It’s disorienting to read political news more than a month old. The further back we look, the more foreign our own attitudes about national politics appear. We have trouble recalling contemporary American politics in a straightforward manner. We remember recent history like unremarkable prestige TV episodes: linear progression of plot is replaced by character thematics. Our politicians argue which “Game of Thrones” characters they most resemble. Our collective sense of reality blurs with fiction, and our identification of historical continuity is subverted by a 24-hour media cycle. Attitudes older than a few months feel out of step with our accelerating political drama.
A Matter of Public Record: Art in the Age of Mass Surveillance is the current exhibition at Fine Arts Complex 1101 (FAC) in Tempe. It was collaboratively curated by Brian Thomas Jones (Los Angeles) and Grant Vetter (Tempe). Viewing this show feels like a journey through a distinctly earlier political moment, although this is mainly an effect of our media environment, as the concerns raised here remain vital. The show was conceived in 2018 and debuted at the artist co-op space Durden and Ray in Los Angeles in September. The current show at FAC is substantially similar to the Durden and Ray show. It includes all but one of the same thirteen artists and many of the same works.
There are, however, some notable differences. Durden and Ray’s space – with higher ceilings and expansive rooms – was more generous to the artworks and allowed them to breathe. The events of 2018 were also closely aligned with the show’s concerns about surveillance technologies. In April 2018, Mark Zuckerberg was asked to explain why Cambridge Analytica had access to 87 million Facebook users’ data during the 2016 election. Now, in 2019, presented in a different city and a much smaller gallery, the same show in Tempe feels cramped for space and temporally out of step.
The works of some artists transform images from news media through painting. Chris Vena’s painting “Friday, July 8th, Campaigns V” (2017) describes masked protestors with Baroque theatricality. A glaring light source implies violence – perhaps from a Molotov cocktail? Steve Hampton’s paintings make parallels between contemporary and archaic forms of power as shown in portraiture. His painting of Trump in repose, “The Bather” (2018), recalls an older icon of wealth and domination: the odalisque. These works confront state power by calling it out and dramatizing it.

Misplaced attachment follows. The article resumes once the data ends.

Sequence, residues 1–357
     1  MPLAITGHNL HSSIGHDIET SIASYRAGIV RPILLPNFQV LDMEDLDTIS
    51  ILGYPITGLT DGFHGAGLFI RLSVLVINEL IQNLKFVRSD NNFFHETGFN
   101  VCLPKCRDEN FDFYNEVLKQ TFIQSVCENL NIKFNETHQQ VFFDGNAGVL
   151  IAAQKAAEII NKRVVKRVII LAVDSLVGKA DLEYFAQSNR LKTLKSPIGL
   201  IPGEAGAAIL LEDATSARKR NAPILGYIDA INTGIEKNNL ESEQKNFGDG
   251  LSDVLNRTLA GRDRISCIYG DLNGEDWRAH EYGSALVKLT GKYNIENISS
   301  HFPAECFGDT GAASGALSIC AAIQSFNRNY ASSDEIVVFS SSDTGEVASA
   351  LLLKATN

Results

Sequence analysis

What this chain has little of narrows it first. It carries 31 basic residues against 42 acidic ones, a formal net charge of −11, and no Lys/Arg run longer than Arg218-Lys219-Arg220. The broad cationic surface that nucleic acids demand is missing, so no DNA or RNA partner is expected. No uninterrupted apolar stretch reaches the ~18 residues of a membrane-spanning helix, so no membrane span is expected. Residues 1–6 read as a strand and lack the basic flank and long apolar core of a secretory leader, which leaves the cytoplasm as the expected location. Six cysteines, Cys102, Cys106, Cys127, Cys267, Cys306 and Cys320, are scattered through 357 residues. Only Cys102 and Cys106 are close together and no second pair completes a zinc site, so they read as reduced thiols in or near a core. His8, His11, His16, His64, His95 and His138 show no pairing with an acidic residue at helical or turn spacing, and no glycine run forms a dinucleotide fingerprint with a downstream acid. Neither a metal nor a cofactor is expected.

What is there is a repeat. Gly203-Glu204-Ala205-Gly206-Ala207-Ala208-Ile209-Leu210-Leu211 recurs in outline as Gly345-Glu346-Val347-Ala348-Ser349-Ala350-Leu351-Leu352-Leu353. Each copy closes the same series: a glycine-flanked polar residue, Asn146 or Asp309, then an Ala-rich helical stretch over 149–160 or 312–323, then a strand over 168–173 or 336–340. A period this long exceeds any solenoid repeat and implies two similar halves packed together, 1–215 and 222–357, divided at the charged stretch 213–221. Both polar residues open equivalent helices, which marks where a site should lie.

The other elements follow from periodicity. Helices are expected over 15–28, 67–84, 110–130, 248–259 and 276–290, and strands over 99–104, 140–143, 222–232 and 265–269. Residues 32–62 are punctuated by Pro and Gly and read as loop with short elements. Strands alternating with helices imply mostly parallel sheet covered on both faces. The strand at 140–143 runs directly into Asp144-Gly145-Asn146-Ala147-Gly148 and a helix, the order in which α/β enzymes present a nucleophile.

Other works indulge moral anxieties about dehumanizing social technologies. Sean Noyce’s video “A Sunday Afternoon Redaction” (2019) offers an homage to Seurat’s “A Sunday Afternoon on the Island,” with individual human subjects covered by identity-obscuring pixel blobs. Rembrandt Quiballo’s prints, such as “Radicalism of Dog on Leash” (2018), sanitize and aestheticize found stills of disaster footage by selectively glitching out the scary parts. These techniques create a totalizing effect, like a stylistic filter on a photograph. Noyce and Quiballo’s transformations call attention to something important but are not meant to inspire action in response.
So where does action lie in this show? Adriene Jenik’s video “THE SKY IS FALLING…” (2016) provides a fraught answer. In a ritualistic performance, Jenik excavates rocks and soil, using each shovelful to bury a square of cloth. Each burial represents a civilian killed by a U.S. military drone, up to the estimated 2016 total of 616. Jenik’s project is to humanize the consequences of warfare made abstract by remote-controlled violence.
A parallel moral project is enacted alongside this conceptual conceit, whereby Jenik’s ritual seeks spiritual absolution through repetitive labor and intertitles entreating to be forgiven for what is done “in my name.” Although Jenik’s stated project is to confront the impersonal, near-ambient violence of American foreign policy, the moral locus is definitively in the individual subject. What we then contemplate is not a structural entanglement with imperialism and state violence, but rather whether you, or I, or the artist, is personally equipped to reconcile the abstract statistics of suffering. In trying to describe an oppressive infrastructure, Jenik’s work, like much of this show, ends up creating an aesthetic of witnessing, sited nearly exclusively within an individual’s subjective morality.
These aesthetic products of visibility politics have been largely ineffectual as political interventions. Bad people and bad governments are immune to naming-and-shaming, immune to nude Trump statues and pussy hats. Art metabolizes at a slower pace than politics and outlasts the accelerating pace of media. Works such as Jenik’s, and others in this show, linger on a locus of suffering long after it is fashionable. While this diminishes their tactical value, they do serve a role in disrupting our learned cycles of attention. We can read them as documenting mid-Trump-regime fears, as well as the recognition that the surveillance state still endures while the media cycle moves on.
A Matter of Public Record: Art in the Age of Mass Surveillance
May 4 – June 1, 2019
Fine Art Complex 1101
1101 West University Drive #103, Tempe
Micah White, head of Occupy Wall Street, founder of the Activist Graduate School, and author of The End of Protest: A New Playbook for Revolution, will speak at Fine Art Complex 1101 at noon, June 1. Admission and books are free, but seating is limited.